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What Are Overdrive Transmissions?

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  • Written By: Lori Kilchermann
  • Edited By: Lauren Fritsky
  • Last Modified Date: 30 November 2016
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Overdrive transmissions can be automatic or manually-shifted gearboxes that offer several benefits over a typical non-overdrive unit. Operating at a decreased gear ratio, overdrive transmissions actually turn at fewer revolutions than the vehicle's engine is turning, saving fuel, wear on engine components and generating reduced emissions in most cases. The majority of vehicles found on the world's roads are equipped with overdrive transmissions in one design or another. For the factory-equipped overdrive transmission, the overdrive is commonly used as the standard drive gear with a disengagement or on/off switch mounted on the gear-selector handle. On other vehicles equipped with aftermarket bolt-on overdrive units, the transmission is commonly controlled via a switch or handle mounted under the vehicle's dashboard.

With a non-over-drive transmission, the final gear ratio is commonly 1:1, or one turn of the drive shaft for every complete turn of the engine's crankshaft. This allows for an amount of power from the vehicle that still retains driving capability on long trips. Any lower gear ratio would result in the engine operating at very high revolutions per minute (RPMs). In overdrive transmissions, the final gear ratio is commonly 25-percent lower, with some final drive ratios being 2.67:1, or nearly three turns of the drive shaft for every revolution of the engine's crankshaft. This is how overdrive transmissions can produce enormous fuel savings when compared to other transmissions.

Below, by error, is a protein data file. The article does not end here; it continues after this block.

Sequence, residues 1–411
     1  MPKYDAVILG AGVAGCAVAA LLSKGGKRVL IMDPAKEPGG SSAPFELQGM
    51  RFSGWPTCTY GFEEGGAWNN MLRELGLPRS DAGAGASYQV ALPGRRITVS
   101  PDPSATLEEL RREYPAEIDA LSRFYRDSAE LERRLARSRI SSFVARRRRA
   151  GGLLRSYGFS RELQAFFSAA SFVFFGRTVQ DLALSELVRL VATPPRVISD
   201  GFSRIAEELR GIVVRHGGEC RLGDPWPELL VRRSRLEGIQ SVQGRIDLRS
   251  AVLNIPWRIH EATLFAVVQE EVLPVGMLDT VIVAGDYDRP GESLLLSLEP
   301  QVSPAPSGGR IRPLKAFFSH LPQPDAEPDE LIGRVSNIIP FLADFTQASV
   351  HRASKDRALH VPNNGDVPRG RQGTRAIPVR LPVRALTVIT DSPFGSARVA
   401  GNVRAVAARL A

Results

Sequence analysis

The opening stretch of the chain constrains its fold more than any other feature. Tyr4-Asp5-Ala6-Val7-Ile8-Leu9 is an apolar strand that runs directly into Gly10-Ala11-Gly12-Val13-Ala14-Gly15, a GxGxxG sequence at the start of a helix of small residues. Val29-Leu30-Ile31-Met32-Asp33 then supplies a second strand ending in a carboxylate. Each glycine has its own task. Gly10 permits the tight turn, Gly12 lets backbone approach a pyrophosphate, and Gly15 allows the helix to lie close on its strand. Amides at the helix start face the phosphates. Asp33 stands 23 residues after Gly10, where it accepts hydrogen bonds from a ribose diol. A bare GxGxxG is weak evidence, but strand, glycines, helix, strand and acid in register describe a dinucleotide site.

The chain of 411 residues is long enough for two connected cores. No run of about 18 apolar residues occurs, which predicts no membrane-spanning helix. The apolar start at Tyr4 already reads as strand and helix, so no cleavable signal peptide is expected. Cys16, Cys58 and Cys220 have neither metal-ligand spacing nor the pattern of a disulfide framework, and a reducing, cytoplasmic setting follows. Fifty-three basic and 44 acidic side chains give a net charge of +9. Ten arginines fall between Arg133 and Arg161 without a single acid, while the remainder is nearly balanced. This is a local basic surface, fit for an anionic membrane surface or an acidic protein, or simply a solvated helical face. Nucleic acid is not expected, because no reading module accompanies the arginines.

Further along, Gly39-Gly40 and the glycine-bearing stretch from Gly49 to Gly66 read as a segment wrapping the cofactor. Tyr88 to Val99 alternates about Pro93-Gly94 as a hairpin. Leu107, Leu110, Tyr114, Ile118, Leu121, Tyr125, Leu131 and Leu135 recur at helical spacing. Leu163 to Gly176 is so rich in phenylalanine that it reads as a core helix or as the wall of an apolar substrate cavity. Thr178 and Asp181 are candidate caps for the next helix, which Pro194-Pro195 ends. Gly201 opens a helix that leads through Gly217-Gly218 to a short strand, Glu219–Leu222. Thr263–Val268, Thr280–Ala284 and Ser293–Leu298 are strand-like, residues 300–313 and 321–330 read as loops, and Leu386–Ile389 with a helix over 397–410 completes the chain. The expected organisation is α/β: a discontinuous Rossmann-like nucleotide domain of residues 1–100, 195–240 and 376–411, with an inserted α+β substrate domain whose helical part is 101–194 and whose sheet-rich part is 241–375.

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The advantage in being able to switch overdrive transmissions off is seen when pulling a trailer or hauling a heavy load. In order for the overdrive to function properly, the engine must operate at a very reduced speed. This causes the engine to work outside of its power band or most powerful engine speed. If pulling a heavy load with the overdrive function engaged, the engine will continually shift up and down while it tries to gain power. If allowed to continue in this manner, overdrive transmissions will develop severe heating of the transmission fluid and components and will eventually fail.

The proper final gear ratio for overdrive transmissions is derived by factoring the vehicle's weight, horsepower and other factors such as rear end gearing and power adders. In some vehicles equipped with roots-type blowers or superchargers, installing overdrive transmissions can increase fuel economy by as much as 100 percent. This is due to many factors such as reduced heat from the blower by turning the engine at slower speeds and tailoring the shift points for optimal performance.

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